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The bond market’s compass is out of order

With eurozone interest rates well adrift from the basic calculation of ‘growth plus inflation’, anchorless fixed-income investors need something solid to grab onto. Investment-boosting fiscal policy initiatives in 2020 could be the lifeline they’re looking for, Arnaud-Guilhem Lamy, co-head of aggregate specialty fixed income, tells The Intelligence Report.  

  • Short-term interest rates have been negative for five years in the eurozone
  • The simple rules no longer prove true
  • A bumpy road ahead in coming months

More than five years ago, on 5 June 2014, the ECB lowered its key interest rates, taking the deposit facility rate to -0.10%. This September, this rate was cut further to -0.50%. Eonia, the overnight benchmark for the euro, has just marked five years in negative territory too and, to put it mildly, many in the markets are struggling to make sense of it all.

Bond yield’s ‘golden rule’ has lost its shine

The 10-year German Bund yield no longer follows the simplistic calculation of ‘growth plus inflation’ that has held for decades. From 1999 to 2007, the yield was on average 40bp below this ‘rule’. It could vary significantly, but the long-term relationship between the level of long-term interest rates and nominal GDP growth remained valid.

Ever since Eonia has been negative, this relationship has ceased to work, with rates consistently and significantly below the level given by the formula sometimes known as the ‘golden rule’ – by 270bp on average since the end of 2014.

Exhibit 1: The relationship that broke down in 2014; eurozone: nominal GDP and 10-year Bund yield (in %)

Exhibit 1: The relationship that broke down in 2014; eurozone: nominal GDP and 10-year Bund yield (in %)


Expectations of a cut in policy rates or asset purchases – known as quantitative easing – by the ECB may have been behind long yields falling to negative levels. The 10-year Bund yield dropped as low as -0.71% in the summer of 2019. The notion of the ECB running out of ammunition to prop up the eurozone economy and fan inflation has, by now, become largely consensual, but the possibility of an increase in key interest rates looks far off at this point.

The best reference points: current or future growth and inflation?

Some observers will argue that it is unwise to look at current growth and inflation, and that rates need to reflect future growth and inflation, and they will be right. However, even though the IMF and the European Commission recently revised down their eurozone growth and inflation forecasts for 2020 and 2021, these remain above 1.2% and are therefore far from pointing to recession!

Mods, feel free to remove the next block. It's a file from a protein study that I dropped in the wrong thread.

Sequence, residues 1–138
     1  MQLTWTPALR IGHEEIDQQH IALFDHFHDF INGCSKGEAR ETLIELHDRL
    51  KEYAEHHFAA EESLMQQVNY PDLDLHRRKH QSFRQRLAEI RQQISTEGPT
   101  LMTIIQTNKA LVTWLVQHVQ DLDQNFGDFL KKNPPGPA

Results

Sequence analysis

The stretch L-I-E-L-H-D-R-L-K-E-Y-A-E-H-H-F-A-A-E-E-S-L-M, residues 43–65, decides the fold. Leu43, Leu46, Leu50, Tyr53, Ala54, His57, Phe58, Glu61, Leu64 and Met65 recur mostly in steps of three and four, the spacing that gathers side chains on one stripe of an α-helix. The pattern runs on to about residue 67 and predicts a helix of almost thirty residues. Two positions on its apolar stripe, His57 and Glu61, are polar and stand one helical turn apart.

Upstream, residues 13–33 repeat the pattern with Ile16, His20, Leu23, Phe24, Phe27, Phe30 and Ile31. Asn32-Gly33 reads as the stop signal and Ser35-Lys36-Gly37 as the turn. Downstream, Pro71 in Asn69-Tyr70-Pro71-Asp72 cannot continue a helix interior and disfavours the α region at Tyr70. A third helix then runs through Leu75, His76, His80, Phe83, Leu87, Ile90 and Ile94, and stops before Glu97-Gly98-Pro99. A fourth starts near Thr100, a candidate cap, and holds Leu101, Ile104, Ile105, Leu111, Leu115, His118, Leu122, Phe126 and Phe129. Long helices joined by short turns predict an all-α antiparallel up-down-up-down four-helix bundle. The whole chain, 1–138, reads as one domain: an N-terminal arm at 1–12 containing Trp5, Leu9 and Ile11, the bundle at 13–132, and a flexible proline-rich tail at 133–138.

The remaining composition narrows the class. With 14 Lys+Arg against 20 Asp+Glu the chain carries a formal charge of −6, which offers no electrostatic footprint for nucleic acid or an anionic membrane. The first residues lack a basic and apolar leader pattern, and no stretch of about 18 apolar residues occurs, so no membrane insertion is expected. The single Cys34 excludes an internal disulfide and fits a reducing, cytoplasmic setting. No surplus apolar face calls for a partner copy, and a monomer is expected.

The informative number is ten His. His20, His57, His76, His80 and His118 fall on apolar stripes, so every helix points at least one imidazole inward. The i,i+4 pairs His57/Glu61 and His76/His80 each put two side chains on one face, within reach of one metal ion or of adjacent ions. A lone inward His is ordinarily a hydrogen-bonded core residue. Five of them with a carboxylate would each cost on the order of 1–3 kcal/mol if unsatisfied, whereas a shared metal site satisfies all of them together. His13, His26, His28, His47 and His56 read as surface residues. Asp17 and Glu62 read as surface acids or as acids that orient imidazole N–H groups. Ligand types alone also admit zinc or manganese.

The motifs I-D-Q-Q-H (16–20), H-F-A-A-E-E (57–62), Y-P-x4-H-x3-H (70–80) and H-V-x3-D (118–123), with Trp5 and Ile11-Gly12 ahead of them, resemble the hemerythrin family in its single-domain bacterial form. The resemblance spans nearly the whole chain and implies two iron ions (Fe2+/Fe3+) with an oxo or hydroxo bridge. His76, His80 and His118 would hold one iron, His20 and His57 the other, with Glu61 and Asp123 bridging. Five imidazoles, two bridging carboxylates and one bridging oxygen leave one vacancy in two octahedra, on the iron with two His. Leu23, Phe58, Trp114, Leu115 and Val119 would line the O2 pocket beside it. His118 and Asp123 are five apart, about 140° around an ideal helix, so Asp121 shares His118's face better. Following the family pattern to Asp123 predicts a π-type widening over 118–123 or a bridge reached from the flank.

Without a fundamental fixed income anchor, investors are focusing solely on short-term movements. This explains the exaggerated reaction to various (presidential) tweets and geopolitical news, depending on whether these increase or reduce the likelihood of near-term recession in the eyes of investors. (BNP Paribas Asset Management is forecasting no recession in 2020.)

Exhibit 2: Trends in long-term eurozone interest rates in 2019 (yields in %)

Exhibit 2: Trends in long-term interest rates in 2019 (yields in %)

Data as at 6/12/2019; source: Bloomberg, BNPP AM

Such erratic movements look likely to remain the norm for the foreseeable future, with the 10-year Bund fluctuating between -0.70% and 0% as long as the ECB maintains its monetary policy and the economy does not improve significantly.

Fiscal policy support could make monetary policy more efficient

In her first official speech[1] as president of the ECB (The future of the euro area economy, 22 November 2019), Christine Lagarde spoke little about monetary policy, choosing to repeat that the eurozone central bank “could achieve its goal faster and with fewer side-effects if other policies were supporting growth alongside it.”

Fiscal policy will undoubtedly be a theme for investors to watch in 2020. Official calls, especially when issued by central bankers, are aimed at boosting long-term investment rather than consumption, and at responding to weak potential growth.

Of course, if such policies were to be put in place, their effects would not be seen immediately. However, markets could react quickly in the short term to decisions that have a long-term (reflationary) impact.


Also read: Christine Lagarde – a fresh beginning

This article appeared in The Intelligence Report - 10 December 2019

The Intelligence Report TIR

Also read Rehabilitation of the European Structured Finance Market 

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Any views expressed here are those of the author as of the date of publication, are based on available information, and are subject to change without notice. Individual portfolio management teams may hold different views and may take different investment decisions for different clients.

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